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Toronto Mayor Olivia Chow heading to Ottawa next week to plea for financial aid

Toronto Mayor Olivia Chow will head to Ottawa next week in a bid to convince the federal government to sign on to a new fiscal framework, following a provincial promise to help tackle the city’s structural deficit.

“It’s not the gravy problem,” Chow said Tuesday of Premier Doug Ford’s acknowledgment that Toronto needs a financial fix.

“Our plate is leaking! So he said, we’ll give you a new plate.”

Ford pledged Monday to establish a working group that would develop sustainable solutions for the city’s recurrent budget shortfalls — without, he said, implementing new taxes or cutting services.

“It’s very good news,” City Manager Paul Johnson told CTV Toronto Tuesday.

For months Johnson has warned that the city was on the brink of financial crisis, facing a $46.5-billion budget pressure over the next 10 years.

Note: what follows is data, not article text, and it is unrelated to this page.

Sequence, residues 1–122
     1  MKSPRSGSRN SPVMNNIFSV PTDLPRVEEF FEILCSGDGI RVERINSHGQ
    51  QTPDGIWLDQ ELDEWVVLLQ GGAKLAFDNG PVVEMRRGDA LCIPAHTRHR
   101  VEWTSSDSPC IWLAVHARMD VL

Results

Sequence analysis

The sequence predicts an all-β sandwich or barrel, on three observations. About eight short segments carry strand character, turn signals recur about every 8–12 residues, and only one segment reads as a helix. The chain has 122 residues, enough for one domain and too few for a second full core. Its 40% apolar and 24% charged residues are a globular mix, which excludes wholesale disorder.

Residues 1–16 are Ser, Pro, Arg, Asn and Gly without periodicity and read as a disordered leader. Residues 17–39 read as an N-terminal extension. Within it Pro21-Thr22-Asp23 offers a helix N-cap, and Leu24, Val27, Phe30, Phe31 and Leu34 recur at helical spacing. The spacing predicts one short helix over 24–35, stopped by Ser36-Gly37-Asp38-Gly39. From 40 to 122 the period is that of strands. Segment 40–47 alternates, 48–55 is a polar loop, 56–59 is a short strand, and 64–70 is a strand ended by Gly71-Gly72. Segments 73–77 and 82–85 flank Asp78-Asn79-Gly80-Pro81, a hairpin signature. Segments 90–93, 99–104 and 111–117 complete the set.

“We can’t do it alone, and yesterday was an acknowledgment of that,” Johnson said. “Not only an acknowledgment that we need to sit down and talk about it, but an acknowledgment that our financial situation cannot be solved simply but looking to Toronto alone.”

Johnson, who will work with provincial officials on the new deal, said a sustainable funding model could be achieved without new provincial taxes.

“There are lots of ways to get there,” he said. “There are multiple pathways.”

Chow reiterated Tuesday that she and Ford are calling on the federal government to join them at the table. She will attend a Federation of Canadian Municipalities summit in Ottawa next week, hoping to spur talks on a federal component to a new funding deal.

A spokesperson from Deputy Prime Minister Chrystia Freeland’s office told CTV Toronto Tuesday that the federal government is a “committed partner” for the city.

“We are pleased to see the Province of Ontario and the City of Toronto take steps to work together, which is both appropriate and necessary,” the statement read.

“Now it’s time for the feds, frankly,” Toronto’s Chief Communications Officer Lindsay Broadhead said Tuesday.

“The City of Toronto is committed to look at itself, to make sure that we are using best and highest use of taxpayer dollars, but we also want the feds to step up.”

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